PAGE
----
Comic book movies are Hollywood's commercial god send. Or in the case of Thor, a gods-send. Let's light a candle at the altar of Hollywood's politically correct multicultural gods of Norse Mythology. Asian Vikings. Why didn't Kurosawa cast more Mexicans in Rashomon?
In a movie industry increasingly reliant on remakes and the endless recapitulation of tired themes - I see that Ryan Reynolds and Jason Bateman have an identity switch movie coming out by virtue of a shared piss in front of magical fountain: You see the irresponsible single guy now has to be married and learn responsibility and the responsible married guy is now single and must rediscover spontaneity and, oh I bet lots of misunderstandings happen, because these themes have never been explored - well, any original content is welcomed.
Comic books are valuable for movie-making because they are dozens of individual, fully realized franchises; beautifully storyboarded American mythology aimed squarely at the intersection of thirty and fortysomething nostalgia, teens, and the now mainstreamed industry of nerdistry. These dollars are a commercial lay-up that you have to work hard not to hit, though artistic quality has proven to be an off-balance three pointer with Kevin Garnett's hand in the director's face.
The focus of these movies has been primarily on execution and canonical adherence and the better results from the thick part of the bell curve can best be described as enjoyably inoffensive (Spider Man, Iron Man) while the bulk have been bad to execrable (Daredevil, Ghost Rider, The Fantastic 4, the pre-Nolan Batman franchise, almost every major franchise sequel). The brilliant Christopher Nolan Batman reboot, or even the underrated Scott Pilgrim Vs. The World, are notable exceptions primarily for the degree to which they defy safe executional convention and attack their projects with ambition. They approach their subject matter like real movies instead of risk-averse dollar extractions. Nolan's Batman does it by treating the subject entirely seriously, bereft of any knowing winks, while Pilgrim does it by making it all a giant hipster, ironic, piss-take.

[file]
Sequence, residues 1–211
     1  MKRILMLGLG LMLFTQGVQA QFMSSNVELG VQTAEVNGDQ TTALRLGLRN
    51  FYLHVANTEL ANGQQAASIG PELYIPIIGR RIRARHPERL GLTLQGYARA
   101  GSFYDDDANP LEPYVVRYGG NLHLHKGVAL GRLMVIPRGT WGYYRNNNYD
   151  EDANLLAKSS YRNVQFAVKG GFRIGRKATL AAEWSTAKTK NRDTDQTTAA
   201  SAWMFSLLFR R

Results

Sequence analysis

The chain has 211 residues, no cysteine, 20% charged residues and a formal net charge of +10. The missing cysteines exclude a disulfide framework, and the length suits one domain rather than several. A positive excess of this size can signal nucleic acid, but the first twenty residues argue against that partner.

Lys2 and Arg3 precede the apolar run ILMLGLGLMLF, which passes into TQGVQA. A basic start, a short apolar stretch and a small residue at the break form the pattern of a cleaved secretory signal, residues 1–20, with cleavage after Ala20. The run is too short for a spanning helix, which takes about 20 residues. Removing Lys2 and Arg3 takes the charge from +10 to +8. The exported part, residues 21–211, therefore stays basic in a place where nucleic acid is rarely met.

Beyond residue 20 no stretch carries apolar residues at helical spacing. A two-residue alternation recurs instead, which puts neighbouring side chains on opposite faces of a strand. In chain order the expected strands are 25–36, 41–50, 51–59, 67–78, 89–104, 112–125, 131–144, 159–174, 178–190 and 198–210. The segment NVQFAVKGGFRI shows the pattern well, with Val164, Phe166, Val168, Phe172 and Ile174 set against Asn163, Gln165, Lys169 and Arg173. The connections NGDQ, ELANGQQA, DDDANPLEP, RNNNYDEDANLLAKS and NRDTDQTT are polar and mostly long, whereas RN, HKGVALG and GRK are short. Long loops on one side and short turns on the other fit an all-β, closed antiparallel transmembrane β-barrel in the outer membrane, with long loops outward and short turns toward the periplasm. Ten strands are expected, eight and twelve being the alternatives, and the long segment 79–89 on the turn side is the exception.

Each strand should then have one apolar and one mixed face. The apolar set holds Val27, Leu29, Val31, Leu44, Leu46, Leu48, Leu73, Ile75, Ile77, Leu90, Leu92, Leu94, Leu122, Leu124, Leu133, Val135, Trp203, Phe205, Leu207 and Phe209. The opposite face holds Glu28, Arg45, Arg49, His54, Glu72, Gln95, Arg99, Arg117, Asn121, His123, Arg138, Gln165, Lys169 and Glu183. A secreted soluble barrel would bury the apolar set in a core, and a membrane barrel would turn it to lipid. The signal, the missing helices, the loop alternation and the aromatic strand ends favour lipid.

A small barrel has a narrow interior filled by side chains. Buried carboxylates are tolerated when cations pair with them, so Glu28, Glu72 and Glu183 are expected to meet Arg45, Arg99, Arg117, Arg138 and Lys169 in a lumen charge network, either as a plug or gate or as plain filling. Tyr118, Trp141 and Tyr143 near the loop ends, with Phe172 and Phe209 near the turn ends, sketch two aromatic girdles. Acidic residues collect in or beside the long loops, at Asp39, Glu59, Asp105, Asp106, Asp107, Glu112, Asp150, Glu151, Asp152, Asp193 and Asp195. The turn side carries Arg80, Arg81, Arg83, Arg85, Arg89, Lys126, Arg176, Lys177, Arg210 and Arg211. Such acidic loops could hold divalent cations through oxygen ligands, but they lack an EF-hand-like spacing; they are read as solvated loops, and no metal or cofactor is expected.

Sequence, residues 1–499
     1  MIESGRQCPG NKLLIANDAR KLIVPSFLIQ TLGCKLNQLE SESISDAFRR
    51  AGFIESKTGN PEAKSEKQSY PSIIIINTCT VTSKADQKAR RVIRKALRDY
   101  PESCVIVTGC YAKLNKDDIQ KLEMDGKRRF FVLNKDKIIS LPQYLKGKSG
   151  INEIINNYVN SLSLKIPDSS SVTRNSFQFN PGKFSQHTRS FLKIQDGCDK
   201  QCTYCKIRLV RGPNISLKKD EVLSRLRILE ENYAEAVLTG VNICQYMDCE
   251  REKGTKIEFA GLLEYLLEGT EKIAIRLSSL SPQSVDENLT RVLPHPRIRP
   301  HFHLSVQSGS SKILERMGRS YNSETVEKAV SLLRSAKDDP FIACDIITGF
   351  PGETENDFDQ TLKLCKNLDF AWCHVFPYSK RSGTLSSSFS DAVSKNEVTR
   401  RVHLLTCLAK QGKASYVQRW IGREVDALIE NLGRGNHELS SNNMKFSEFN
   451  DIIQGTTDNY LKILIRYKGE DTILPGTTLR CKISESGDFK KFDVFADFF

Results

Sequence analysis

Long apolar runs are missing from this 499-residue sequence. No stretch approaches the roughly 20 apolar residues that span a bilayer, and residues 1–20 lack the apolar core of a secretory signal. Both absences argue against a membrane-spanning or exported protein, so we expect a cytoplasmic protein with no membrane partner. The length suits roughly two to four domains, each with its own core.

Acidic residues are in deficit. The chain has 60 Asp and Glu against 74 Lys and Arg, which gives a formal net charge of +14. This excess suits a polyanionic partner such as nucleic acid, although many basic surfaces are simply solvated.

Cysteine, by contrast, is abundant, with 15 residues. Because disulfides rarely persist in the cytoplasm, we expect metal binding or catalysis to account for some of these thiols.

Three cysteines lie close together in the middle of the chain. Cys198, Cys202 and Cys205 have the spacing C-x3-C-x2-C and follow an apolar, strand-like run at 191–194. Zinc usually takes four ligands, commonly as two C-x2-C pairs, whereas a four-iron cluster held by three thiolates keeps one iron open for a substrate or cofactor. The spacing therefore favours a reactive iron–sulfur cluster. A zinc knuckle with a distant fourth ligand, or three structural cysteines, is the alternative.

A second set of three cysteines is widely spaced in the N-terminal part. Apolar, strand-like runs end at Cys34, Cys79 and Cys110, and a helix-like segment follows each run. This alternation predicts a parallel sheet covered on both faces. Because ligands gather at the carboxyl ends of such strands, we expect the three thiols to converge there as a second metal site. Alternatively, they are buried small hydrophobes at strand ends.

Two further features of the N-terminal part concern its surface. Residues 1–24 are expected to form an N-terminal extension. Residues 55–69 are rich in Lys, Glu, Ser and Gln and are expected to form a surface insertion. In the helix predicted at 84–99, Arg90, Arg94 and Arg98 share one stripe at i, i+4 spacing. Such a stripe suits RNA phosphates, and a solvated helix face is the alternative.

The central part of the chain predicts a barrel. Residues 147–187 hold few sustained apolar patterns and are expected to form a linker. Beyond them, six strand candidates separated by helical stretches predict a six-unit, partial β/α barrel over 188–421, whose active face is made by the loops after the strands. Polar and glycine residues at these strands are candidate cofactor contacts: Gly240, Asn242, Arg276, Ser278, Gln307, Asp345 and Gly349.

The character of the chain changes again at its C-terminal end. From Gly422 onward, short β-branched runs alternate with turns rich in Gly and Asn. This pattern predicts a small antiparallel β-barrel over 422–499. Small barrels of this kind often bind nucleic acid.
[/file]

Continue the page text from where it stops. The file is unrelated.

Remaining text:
The lesson is: Go dark. Go light. Just go somewhere.
The main comic franchises are crafted for a core audience that walks into the theater predisposed towards nostalgic buy-in on whatever plays out on screen so long as the director doesn't butcher a signature tag line, screw up someone's power profile, botch the CGI, or mangle the costuming. You expect the audience to yell out, "Now do that one move where Wolverine does the thing with his claws when he like double-stabs two guys and he's all like RAAAAA and his enemies are all like, OMG it's Wolverine, yeah, do that one, it gives me chills."
These movies feel like film-making by focus group, custom-built to satisfy the dumb middle of audience expectation.
Comic book nerds don't walk out of the theater criticizing character development, they're more inclined to critique how Iron Man's repulsor rays looked and note any and all heretical deviations from canon. That's why so many of these movies are ultimately bland and unmemorable; a sad panel by panel film re-enactment, an emotionless facsimile of the endless world of creativity that comic books opened up for so many young boys.
Which brings us to Michael Vaughn's X Men: First Class.